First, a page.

In Jerusalem, Palestinian families play political football
The Abu Sneihehs — reigning champions and possibly the largest of Jerusalem clans, with thousands bearing the surname -– were knocked out in the first round, raising hopes for less renowned names.
The Aqals, a relatively small family, are taking on the far larger Sanuqurats in the second round.
Before the match, the referee checks documents — without the right surname you can’t even enter the pitch.
One of the team’s two Mohammeds, a burly striker whose look is more mechanic than Messi, has forgotten his ID and is temporarily barred.
“Will a picture of it do?” he pleads, waving one on a mobile phone.
On the side of the pitch is a six-foot (1.8-metre) picture of one of the tournament’s founders.
He was arrested a year ago by Israeli police and jailed for involvement in an organisation which claims to protect the al-Aqsa mosque compound, located not far away in the Old City, Israeli media reports said.
Israeli security forces did not respond to a request regarding the case, but the state says the al-Aqsa Youth group is linked to banned Islamist movement Hamas.
The al-Aqsa compound, which hosts the Dome of the Rock, is the third-holiest site for Muslims and a key rallying point for Palestinian identity.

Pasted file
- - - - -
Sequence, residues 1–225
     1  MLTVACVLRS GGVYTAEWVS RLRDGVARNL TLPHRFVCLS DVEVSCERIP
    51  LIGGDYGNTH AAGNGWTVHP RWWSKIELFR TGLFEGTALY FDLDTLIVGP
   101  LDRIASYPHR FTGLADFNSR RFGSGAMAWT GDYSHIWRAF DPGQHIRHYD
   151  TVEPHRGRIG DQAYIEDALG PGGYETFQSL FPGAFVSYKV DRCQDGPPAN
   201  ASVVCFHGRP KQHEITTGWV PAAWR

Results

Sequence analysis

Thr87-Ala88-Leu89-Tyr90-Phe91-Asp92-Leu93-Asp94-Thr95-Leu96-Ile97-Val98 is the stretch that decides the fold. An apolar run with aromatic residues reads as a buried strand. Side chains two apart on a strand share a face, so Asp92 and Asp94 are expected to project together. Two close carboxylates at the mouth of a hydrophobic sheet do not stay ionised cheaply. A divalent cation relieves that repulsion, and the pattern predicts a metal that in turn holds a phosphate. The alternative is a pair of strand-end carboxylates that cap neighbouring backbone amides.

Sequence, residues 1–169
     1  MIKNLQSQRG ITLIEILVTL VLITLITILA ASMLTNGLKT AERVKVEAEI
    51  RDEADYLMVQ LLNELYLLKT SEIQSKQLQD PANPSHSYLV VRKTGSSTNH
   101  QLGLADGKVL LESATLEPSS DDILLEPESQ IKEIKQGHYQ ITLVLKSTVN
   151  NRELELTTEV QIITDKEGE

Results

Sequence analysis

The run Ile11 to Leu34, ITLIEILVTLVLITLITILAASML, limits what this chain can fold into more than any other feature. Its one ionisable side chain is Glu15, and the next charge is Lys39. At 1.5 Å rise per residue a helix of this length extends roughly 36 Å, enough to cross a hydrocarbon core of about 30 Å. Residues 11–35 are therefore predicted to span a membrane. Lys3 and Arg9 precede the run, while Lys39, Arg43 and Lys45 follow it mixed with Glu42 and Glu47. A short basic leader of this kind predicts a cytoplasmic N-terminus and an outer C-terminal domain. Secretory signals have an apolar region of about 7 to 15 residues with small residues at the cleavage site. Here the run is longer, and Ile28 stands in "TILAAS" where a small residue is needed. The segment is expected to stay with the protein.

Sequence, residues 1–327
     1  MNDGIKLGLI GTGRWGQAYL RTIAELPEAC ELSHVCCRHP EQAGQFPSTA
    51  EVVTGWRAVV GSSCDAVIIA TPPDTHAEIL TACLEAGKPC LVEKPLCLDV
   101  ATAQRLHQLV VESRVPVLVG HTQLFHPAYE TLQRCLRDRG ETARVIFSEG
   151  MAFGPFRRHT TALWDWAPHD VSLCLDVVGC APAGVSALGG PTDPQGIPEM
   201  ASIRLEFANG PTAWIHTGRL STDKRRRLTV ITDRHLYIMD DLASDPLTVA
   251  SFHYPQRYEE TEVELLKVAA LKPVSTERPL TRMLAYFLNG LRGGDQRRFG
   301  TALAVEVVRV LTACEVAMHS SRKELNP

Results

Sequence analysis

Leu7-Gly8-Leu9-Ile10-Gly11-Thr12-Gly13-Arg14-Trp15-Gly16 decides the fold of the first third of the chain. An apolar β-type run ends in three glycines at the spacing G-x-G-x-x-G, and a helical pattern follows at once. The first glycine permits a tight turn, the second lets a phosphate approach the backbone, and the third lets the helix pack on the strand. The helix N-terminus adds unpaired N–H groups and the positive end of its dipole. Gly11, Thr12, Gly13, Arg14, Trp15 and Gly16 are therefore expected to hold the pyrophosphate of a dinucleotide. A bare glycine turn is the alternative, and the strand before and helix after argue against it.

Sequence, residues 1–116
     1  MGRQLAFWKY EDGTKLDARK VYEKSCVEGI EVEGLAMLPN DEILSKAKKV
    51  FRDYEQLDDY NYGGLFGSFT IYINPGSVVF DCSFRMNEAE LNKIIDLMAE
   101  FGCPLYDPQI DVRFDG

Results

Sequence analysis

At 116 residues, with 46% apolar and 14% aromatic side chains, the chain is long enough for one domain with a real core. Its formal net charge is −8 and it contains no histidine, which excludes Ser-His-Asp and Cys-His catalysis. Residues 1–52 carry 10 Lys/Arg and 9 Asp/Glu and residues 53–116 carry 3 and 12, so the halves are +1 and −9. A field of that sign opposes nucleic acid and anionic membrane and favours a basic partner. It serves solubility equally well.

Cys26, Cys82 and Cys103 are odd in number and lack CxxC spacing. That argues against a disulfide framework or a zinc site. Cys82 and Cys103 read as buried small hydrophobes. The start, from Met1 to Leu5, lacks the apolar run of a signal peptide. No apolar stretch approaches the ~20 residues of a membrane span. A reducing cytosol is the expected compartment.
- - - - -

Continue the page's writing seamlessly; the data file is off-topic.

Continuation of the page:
For Jews, it is built on the Temple Mount, their holiest site.
Organisers said police showed up on October 2 and removed the picture. Israeli police did not respond to requests for information.
– ‘Children of Jerusalem’ –
On the pitch, the Aqals take an early lead but are quickly pegged back.
The standard is not much better than average pick-up games across the world, but the crowd loves it.
Hamzy Abedy is not even really watching — instead facing towards the 25 hardcore members of the extended Aqal family, orchestrating them in ever more vociferous chants.
“We are all children of Jerusalem, so I brought all the team with me,” he laughs, pointing at the frenzied teenagers.
Other participants said the tournament helped them meet members of their extended family.
Just as the city they battle over is contested, there are also concerns over their pitch.
An Israeli court could yet decide to build more than 20 Israeli settlement homes in the vicinity, although there have been no developments in the case for several years, Aviv Tatarsky from the Ir Amim anti-settlement NGO said.
Yet it still concerns Palestinian residents worried about being swallowed by Jewish expansion into east Jerusalem.
Abedy said Trump’s recognition of Jerusalem made Palestinians more determined to remain in the city.
“Trump is talking into the wind,” he said after the match.
“He is not able to cancel our existence. We are here.”
The Aqals run out 6-1 victors, with Mohammed scoring one and setting up another two.
“Sport is the best thing to unify the Arabs,” he said, carrying his toddler away from the pitch.
“All the families will meet together and know each other. The whole world loves football.”